With Facebook announcing the creation of a blockchain group, led by David Marcus the ex-CEO of PayPal, someone who has immense experience in payment technologies, it's not a big leap to see Facebook introducing a digital token for trade within their platform. Facebook could (maybe within 6 to 12 months) enable over 2.1 billion people and millions of businesses to trade using a digital tokens, bypassing fiat currency hassles and exchanges. Likewise Alibaba with their huge e-commerce platform, or WeChat, (which is so much more than a chat app) could rapidly deploy global digital tokens with huge volumes of users on day one.
The consensus is that a true borderless, global payments platform like these will emerge very soon, allowing global trade beginning to leverage these while working alongside existing systems. All experts agree that there won't be one winner in this space, with interoperability between existing fiat and multiple platforms being key.
This of course introduces lots of questions about taxation, and the assumption that trade with a cryptocurrency means trading outside the taxation jurisdiction of government. Taxes have little to do with currency, the confusion seems to arise because taxes are collected and paid using a local fiat based currency. When we move to new business models and new global tools of value transfer, better taxation tools and rules will emerge.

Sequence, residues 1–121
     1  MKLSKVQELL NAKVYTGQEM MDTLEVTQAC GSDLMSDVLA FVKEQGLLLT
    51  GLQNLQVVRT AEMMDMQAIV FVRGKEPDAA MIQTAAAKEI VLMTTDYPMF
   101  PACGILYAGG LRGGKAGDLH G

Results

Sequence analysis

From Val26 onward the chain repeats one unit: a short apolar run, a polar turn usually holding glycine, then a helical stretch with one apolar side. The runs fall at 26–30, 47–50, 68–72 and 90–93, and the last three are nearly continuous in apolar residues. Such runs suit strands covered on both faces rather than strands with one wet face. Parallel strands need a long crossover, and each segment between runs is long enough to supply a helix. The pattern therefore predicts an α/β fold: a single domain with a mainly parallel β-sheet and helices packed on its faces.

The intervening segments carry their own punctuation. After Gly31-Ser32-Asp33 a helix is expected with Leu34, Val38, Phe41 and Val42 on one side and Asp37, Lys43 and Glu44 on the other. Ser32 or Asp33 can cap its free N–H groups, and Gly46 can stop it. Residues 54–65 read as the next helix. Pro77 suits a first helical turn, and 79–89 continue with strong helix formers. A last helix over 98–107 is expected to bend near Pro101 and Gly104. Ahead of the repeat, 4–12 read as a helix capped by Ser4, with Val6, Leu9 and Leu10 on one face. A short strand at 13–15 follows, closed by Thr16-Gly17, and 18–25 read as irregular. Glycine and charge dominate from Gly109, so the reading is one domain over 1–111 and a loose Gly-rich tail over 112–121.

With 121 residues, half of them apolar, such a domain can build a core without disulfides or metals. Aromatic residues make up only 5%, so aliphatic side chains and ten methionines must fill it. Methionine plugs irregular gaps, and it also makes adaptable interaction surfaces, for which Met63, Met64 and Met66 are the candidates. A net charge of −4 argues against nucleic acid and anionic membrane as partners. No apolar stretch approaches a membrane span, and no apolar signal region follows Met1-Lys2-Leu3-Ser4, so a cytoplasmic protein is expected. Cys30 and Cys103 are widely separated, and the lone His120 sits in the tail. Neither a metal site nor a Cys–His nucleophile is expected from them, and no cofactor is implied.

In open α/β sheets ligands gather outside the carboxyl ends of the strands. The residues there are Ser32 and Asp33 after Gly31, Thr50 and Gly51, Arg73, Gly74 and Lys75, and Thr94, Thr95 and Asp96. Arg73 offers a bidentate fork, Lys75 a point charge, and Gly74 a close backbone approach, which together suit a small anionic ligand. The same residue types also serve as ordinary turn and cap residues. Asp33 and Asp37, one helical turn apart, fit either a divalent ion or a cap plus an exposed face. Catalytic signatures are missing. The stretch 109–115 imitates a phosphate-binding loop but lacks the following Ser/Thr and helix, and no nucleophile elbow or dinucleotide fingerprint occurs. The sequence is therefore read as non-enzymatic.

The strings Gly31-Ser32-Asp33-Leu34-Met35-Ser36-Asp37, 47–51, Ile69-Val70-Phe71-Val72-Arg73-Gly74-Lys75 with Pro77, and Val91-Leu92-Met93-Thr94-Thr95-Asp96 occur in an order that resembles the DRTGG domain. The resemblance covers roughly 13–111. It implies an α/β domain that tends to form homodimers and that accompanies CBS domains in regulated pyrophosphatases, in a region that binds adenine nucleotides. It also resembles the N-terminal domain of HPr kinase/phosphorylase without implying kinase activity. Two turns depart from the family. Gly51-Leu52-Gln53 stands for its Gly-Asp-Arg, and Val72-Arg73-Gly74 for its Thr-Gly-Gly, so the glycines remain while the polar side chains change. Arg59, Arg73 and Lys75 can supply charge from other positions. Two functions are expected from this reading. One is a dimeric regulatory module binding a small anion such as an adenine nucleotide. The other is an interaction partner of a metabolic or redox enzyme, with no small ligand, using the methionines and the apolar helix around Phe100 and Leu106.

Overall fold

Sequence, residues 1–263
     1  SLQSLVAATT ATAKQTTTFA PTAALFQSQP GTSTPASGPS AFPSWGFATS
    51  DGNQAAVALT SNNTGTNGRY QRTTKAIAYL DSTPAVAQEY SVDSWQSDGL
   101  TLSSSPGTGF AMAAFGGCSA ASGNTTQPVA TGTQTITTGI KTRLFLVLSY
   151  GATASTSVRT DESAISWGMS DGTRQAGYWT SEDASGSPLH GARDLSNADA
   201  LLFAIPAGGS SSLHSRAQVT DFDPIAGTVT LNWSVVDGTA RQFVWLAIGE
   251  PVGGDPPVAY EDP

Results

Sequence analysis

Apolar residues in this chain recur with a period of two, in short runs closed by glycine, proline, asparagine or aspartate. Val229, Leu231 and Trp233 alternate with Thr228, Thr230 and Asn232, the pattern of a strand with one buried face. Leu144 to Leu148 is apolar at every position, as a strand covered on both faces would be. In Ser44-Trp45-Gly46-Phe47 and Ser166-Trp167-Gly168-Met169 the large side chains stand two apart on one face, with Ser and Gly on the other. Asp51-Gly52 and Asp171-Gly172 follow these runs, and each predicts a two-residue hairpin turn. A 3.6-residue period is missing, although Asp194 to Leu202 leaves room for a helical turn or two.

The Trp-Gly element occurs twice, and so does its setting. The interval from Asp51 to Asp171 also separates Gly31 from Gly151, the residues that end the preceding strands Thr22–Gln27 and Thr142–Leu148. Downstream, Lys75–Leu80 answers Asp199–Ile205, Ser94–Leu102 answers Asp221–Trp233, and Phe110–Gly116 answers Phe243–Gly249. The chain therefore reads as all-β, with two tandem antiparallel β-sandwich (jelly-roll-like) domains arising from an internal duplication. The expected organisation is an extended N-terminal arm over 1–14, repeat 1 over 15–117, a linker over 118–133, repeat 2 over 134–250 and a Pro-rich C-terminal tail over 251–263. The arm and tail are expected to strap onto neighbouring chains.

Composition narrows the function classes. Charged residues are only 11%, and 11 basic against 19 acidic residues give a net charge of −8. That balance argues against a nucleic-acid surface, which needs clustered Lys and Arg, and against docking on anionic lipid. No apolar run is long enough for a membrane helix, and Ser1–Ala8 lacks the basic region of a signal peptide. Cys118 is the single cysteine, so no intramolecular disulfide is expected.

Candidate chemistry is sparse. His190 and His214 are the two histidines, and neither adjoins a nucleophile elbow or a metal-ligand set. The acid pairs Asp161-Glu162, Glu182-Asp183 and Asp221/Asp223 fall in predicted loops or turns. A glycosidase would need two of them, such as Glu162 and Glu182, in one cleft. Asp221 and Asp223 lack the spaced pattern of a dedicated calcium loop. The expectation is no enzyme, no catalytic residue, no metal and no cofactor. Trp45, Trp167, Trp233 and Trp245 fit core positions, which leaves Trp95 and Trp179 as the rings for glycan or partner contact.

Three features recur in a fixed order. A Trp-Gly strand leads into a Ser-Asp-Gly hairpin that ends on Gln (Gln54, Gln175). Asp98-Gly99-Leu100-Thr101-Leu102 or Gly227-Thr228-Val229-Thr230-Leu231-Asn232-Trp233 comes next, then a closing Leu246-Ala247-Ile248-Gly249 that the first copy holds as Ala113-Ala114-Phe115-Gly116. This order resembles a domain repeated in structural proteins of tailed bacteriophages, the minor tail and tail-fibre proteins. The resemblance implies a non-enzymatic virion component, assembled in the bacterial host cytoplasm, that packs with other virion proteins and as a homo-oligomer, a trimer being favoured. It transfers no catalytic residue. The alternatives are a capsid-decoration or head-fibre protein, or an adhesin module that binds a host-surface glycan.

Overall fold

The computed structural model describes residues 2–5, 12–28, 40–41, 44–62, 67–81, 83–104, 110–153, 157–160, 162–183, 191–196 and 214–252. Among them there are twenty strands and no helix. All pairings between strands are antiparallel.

Today's taxation rules allow many big businesses to easily bypass the rules, there are numerous stories of large global corporates avoiding taxes, or paying token gesture taxes. In a digital world monitoring and collecting these billions of dollars in unpaid taxes becomes much easier for all parties.
Advantages of a government embracing a digital currency coupled with blockchain technology also introduce true transparency and real time budgets to government. For example; when a government allocates funds to specific areas, (eg health, education or R&D) the citizens will be able to see the funds in the correct accounts with full public trails on usage of these funds.
As digital currencies and blockchain technologies emmerge this will allow governments to accurately tax corporations and individuals in real time. This collection of additional tax dollars can allow for a Universal Basic Income, improved education, healthcare and public services become a reality.
Changes to currency and payments are really exciting, it will change the power a government has over the value of currency and yet create incredible new opportunities to collect taxes faster, more efficiently and more fairly than ever before. Business trade will continue to become simpler and soon cashflow will no longer be the key frustration in business. MYOB recently published a report on the march to cashless society that is worth a read.
So, what do you think?
Will we see the emergence of these global payments platforms within the next 36 months? And if you think the answer is yes, then how long do you give the age of the dollar? Either way, the next 5 years are going to be amazing in the world of money and payments.